Three years ago, Air Force shouldn’t have beaten Michigan. It wasn’t as fast. It wasn’t as strong. It wasn’t as skilled. It got throttled by a whopping 30 shots, and it gave Michigan seven power plays. Still, Andrew Volkening was masterful, totally untouchable in goal.
Volkening backstopped Air Force’s only win in the NCAA Tournament, making 43 saves in a career-defining performance, and Jason Torf hopes for similar success as the Falcons ready to face Boston College in the Northeast Regional on Saturday in Worcester, Mass.
In his only NCAA Tournament appearance, Torf, a sophomore, denied 26 shots last year in a 2-1 overtime defeat against Yale. Returning to the NCAA Tournament hasn’t been a smooth ride for Torf, who missed 14 games with a strained groin that he suffered in the season-opening weekend, then reclaimed the starting job from the red-hot Stephen Caple. He could easily be watching from the stands right now – and he concedes he’s fortunate.
Sitting out for so long while Caple shined “definitely renewed some energy in me,” Torf said, “and I think it’s paying dividends now. … When you get taken out of the game, you realize how much it means to your everyday life, just kind of your general happiness.” He added, “I think I’m better for it. I’ve made a conscious effort to make every day count.”
Without question, Torf owns the numbers to warrant a start in Worcester, where Boston College brings the nation’s fifth-best offense at 3.52 goals and a power play that’s hitting at 21.5 percent. Torf is 8-4-2 with a 1.72 goals-against average that’s fourth in the nation and a .928 save percentage, the country’s 10th-best mark. He turned back 57 of 59 shots last weekend in wins against Mercyhurst and the Rochester Institute of Technology at the Atlantic Hockey Association Final Four, recovering from a demoralizing pair of starts vs. Connecticut in the AHA quarterfinals in which he was yanked in favor of Caple.
Against Connecticut, Torf said, “I wasn’t moving quite the way I usually do,” so he was sluggish in maneuvering the posts, and he got beat on a few wrap-arounds, “which hasn’t happened to me since the beginning of my freshman year. … Sometimes, you’ve got to work back and just start with the basics, and then from there, you can get more complex.”
Despite his struggles, Torf told himself, “I’ve done a lot of good things.” That made the Final Four “about confirming that to myself, showing I still had that consistency and that the weekend before was an aberration,” he said. “I feel good. I feel comfortable with my game. … I’ve got to believe in the game I’ve worked hard on for the last couple years. I can’t try to change too much. I’ve just got to bring the same game forward.”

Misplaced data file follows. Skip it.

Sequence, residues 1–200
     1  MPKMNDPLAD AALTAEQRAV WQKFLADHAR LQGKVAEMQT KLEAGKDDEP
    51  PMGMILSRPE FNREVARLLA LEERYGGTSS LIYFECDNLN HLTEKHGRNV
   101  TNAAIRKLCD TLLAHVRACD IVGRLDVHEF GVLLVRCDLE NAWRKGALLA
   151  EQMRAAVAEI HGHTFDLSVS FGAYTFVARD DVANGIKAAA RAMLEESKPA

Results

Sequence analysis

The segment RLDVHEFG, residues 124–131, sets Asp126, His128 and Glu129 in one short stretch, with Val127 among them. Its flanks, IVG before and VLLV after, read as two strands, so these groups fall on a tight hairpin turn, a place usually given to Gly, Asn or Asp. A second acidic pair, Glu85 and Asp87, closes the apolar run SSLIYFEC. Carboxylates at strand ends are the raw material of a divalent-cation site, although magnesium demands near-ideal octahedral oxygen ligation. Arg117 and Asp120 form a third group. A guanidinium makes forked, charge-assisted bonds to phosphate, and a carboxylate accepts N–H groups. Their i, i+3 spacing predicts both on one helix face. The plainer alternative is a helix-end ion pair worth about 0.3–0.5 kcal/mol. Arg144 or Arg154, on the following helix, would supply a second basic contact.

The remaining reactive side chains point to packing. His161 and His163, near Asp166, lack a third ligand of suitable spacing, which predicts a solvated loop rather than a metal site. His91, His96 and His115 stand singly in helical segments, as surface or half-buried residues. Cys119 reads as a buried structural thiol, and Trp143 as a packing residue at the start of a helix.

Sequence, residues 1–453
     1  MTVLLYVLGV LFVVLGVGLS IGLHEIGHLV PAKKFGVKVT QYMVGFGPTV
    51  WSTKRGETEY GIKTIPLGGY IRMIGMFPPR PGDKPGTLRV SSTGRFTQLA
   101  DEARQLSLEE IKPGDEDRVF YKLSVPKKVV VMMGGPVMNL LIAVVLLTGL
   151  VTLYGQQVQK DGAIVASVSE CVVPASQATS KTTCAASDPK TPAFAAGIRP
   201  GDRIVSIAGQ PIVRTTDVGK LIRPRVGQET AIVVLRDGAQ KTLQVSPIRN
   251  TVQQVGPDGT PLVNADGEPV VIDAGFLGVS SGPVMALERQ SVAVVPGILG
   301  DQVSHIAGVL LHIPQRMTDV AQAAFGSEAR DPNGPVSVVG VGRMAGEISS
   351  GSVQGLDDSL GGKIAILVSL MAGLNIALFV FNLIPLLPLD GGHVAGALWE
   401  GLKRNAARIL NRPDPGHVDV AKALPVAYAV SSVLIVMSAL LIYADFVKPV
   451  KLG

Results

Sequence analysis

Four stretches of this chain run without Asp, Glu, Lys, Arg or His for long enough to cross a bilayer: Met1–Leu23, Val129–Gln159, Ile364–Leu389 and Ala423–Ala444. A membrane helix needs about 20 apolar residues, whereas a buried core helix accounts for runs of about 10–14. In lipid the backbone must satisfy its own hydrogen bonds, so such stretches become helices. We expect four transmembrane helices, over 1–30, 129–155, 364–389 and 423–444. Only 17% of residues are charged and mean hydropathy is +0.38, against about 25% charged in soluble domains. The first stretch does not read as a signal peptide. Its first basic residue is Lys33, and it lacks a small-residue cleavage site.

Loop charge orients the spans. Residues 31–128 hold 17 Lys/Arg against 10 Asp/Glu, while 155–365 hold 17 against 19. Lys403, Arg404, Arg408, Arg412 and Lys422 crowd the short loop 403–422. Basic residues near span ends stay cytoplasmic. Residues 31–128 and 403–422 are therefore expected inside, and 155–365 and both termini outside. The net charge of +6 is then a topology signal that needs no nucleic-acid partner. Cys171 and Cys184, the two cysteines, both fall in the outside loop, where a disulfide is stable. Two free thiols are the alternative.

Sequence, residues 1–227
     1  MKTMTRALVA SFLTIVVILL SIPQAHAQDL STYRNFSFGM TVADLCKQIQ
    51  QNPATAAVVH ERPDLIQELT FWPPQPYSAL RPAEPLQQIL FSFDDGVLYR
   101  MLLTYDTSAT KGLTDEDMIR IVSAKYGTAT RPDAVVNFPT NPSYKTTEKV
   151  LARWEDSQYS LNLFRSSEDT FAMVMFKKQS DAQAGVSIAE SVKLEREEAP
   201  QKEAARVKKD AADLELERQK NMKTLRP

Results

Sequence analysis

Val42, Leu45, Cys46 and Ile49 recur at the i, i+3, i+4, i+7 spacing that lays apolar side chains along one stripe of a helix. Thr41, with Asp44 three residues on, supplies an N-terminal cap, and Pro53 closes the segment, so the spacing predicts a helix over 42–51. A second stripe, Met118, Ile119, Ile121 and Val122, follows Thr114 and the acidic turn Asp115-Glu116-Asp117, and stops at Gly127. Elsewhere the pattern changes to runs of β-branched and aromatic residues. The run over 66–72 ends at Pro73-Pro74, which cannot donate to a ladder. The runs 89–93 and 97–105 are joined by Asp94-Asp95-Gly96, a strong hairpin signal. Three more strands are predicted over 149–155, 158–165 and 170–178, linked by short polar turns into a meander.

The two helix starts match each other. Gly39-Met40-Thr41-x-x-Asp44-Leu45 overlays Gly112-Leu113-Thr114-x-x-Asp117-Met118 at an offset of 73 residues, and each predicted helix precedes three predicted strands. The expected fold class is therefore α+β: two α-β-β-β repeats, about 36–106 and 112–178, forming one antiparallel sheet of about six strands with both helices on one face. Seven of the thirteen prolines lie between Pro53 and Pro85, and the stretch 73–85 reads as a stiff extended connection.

No longer does Torf dwell on the loss to Yale. “The way it happened – the last goal was so weird,” he said. “It was just kind of bouncing everywhere. What would have happened if that puck didn’t go in? We did have a lot of momentum in that overtime period.” Soon after the season, Torf reached this conclusion: “You start playing the what-if game, and anything under the sun is possible. I learned a lot. It was a great experience. I’m hoping that I can build off that. Maybe not be so wide-eyed and stunned when I walk in there.”
Torf isn’t bashful in admitting that last season Air Force (21-10-7) wasn’t “as talented as I feel we are this year. Last year was all about how much we wanted it, and even at that point, we could still be overcome. This year, we’re bringing a very, very strong team. If we play smart, we can take away what Boston College loves to do. … Last year, we were just about surviving long enough and hoping to get that late goal. This year, we have the talent, and we have the depth to hopefully try to make Boston College play our game.”
With five shutouts on the season, Torf has shown he’s capable of being dominant, sort of like Volkening. Plus, he said, he’s a firm believer that “a goalie can steal playoff series, playoff games. It has been proven over and over again. But for me, I have to approach it like it’s just another game. The hype builds itself up, and my game will hopefully elevate itself based on the situation. If I get too worked up or if I’m focusing too much on what Boston College is doing, then they’ve already won because they’re already in my head.”
DCU Center, Worcester, Mass.
No. 1 Boston College vs. No. 4 Air Force, 2 p.m. Saturday, ESPNU
No. 2 Minnesota-Duluth vs. No. 3 Maine, 5:30 p.m. Saturday
Regional championship game, 6 p.m. Sunday, ESPNU